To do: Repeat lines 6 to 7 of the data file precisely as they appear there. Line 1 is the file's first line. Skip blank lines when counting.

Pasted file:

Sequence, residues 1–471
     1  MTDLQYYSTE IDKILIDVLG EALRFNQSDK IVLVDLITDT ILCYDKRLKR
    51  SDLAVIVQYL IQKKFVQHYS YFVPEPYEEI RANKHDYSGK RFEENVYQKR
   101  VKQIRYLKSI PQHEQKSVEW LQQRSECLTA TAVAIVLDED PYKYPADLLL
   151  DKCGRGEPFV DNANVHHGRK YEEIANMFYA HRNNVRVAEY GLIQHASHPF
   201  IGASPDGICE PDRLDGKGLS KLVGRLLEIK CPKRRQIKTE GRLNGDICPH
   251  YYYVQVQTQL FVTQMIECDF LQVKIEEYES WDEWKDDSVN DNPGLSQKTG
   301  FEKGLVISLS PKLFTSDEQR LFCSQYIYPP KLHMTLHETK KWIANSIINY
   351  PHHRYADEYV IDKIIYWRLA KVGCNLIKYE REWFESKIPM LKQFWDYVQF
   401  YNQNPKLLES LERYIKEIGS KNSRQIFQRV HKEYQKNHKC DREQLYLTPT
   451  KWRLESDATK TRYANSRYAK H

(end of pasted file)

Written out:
   201  IGASPDGICE PDRLDGKGLS KLVGRLLEIK CPKRRQIKTE GRLNGDICPH
   251  YYYVQVQTQL FVTQMIECDF LQVKIEEYES WDEWKDDSVN DNPGLSQKTG